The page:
• Over 200 Google employees reportedly plan to walk-out on November 1.
  • The walk-out is in response to Google’s alleged payouts to Andy Rubin and other employees involved in sexual misconduct.
  • Rubin called the report and Google’s response to the report a “smear campaign.”


Even though Google tried to play damage control in response to last week’s damning report, it looks like that was not enough. Buzzfeed News reported that over 200 engineers plan to organize a company-wide “women’s walk” later this week in response to the alleged sexual misconduct from several former Google employees.

According to four people familiar with the situation, Google executives brought everyone together to explain how it treated Android co-founder Andy Rubin and apologized to employees. Last week’s report alleged that Google gave Rubin a $90 million exit package in 2014, even though Rubin’s alleged forced exit was due to him having an inappropriate sexual relationship with a female subordinate.

Making matters worse, Google allegedly either paid or kept two other male Google executives that had credible claims of sexual misconduct against them.

Some Google employees were understandably angry in light of the report. Unfortunately for Google, the all-hands meeting reportedly did not smooth out those frustrations. Over the weekend, frustrated employees in a group for women engineers upvoted a post in an internal forum.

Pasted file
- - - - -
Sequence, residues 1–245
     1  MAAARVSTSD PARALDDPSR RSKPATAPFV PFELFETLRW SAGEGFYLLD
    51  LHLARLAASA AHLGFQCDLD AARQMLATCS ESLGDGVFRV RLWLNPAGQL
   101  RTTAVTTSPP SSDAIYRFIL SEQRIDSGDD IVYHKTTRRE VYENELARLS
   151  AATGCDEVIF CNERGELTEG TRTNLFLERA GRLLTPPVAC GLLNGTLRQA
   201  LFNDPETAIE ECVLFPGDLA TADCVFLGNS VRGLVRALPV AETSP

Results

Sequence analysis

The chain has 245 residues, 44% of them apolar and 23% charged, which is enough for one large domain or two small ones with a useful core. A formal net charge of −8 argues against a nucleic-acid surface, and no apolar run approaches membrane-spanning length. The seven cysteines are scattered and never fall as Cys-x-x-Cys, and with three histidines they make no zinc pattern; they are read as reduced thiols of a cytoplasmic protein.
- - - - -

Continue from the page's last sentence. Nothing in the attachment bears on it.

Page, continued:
The post called for employees to organize a walk-out and garnered hundreds of upvotes. Soon enough, over 200 employees started plans to participate in a walk-out.

An anonymous Google employee said they were furious with the “pattern of powerful men getting away with awful behavior towards women at Google.” They were also frustrated that these men either got away with it, get a “slap on the wrist,” or get “sent away with a golden parachute.”

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The walk-out was not the only topic of conversation among employees, however. Some refused to participate in screening interviews for potential new Google hires as a form of protest. Others reportedly even had internal discussions about the possible removal of senior executives mentioned in the report due to their inappropriate relationships.

Google CEO Sundar Pichai responded to the report and said Google fired 48 employees in the last two years for problems related to sexual misconduct. 13 of those 48 fired employees were “senior managers and above.” None of the fired employees received an exit package.

Rubin also responded to the report and said it “contains numerous inaccuracies about my employment at Google and wild exaggerations about my compensation.” Rubin also said that the “false allegations” are part of a “smear campaign” against him. Rubin is currently in a divorce and custody battle.

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